Howard Magazine - Page 32 - In Fighting Shape (3)

Howard Magazine
- Page 32
In Fighting Shape (3)

such pressure, and they never speak of anything but work,” she says. “They go overseas to Afghanistan and come back but never talk about that fight-or-flight mode; they’re not in a good place. Anyone being deployed has a risk of being exploded; it’s horrible stress.”

 

Her goal: Get each warrior’s body to take a deep breath. There are dangers in learning yoga, Maliner says, most involving careless instructors.

 

“I took a class, off-base, where we were asked to do a lotus pose (sitting crosslegged). It’s a risky position and I dislocated my knee,” she says. “Yoga is not a magic bullet; it takes discipline and daily practice under the tutelage of teachers like Lucy, who minimizes the risks.”

 

For two years, Air Force Staff Sgt. Joe Jamison has trained with Lomax. A cyberwarfare planner at Fort Meade, he sought a remedy for the ills of sitting at a desk for hours on end in a hush-hush, high-stress job.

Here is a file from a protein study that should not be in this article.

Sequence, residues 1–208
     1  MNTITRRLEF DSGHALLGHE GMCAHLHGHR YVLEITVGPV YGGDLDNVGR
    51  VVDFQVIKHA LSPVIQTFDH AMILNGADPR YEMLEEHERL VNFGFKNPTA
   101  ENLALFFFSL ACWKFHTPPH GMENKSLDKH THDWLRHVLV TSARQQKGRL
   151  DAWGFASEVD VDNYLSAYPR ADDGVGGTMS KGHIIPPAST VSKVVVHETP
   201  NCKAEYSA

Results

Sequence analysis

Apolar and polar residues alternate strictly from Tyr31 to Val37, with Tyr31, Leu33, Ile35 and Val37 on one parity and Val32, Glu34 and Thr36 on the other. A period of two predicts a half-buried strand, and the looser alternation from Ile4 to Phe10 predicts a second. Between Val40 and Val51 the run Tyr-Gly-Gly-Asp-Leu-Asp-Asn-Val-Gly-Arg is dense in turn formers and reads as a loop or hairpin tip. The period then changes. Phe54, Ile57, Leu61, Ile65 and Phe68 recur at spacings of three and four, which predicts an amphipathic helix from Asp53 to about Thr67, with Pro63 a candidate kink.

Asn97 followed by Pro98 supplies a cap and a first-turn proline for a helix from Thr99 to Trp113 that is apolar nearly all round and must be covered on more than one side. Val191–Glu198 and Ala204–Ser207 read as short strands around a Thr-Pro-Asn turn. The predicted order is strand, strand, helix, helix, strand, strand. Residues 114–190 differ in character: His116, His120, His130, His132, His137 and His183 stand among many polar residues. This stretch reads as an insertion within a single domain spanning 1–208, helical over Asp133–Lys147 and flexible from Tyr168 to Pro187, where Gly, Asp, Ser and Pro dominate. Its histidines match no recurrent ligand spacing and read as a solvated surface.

“I quickly learned the problems I had with my body’s alignment, balance and posture — and it echoed out to other parts of my general well being,” said Jamison, 26. “Yoga helps me to focus in a more targeted way and to tackle my daily challenges better. You feel different when you’re able to sit and breathe properly.”

 

Now retired after 22 years in the Navy, Vaughn attends Lomax’ class while earning her Warriors At Ease teaching certificate.

 

“Yoga has been a joy for me, and I want to give back,” she says. Recovering from back surgery in October for a service-related injury, Vaughn spurns narcotics for the pain.

 

“Yoga has taught me you can breathe through anything,” she says.

 

Vaughn wants to pass on that prescription.

 

“It’s important to take care of the entire war-fighting machine, which is what every soldier and sailor is. You’ve got to take care of the whole package,” she says. “I mean, you can’t just put gasoline in a car; there are other things you need to do to maintain its overall performance. Like changing the oil. And kicking the tires every once in a while.”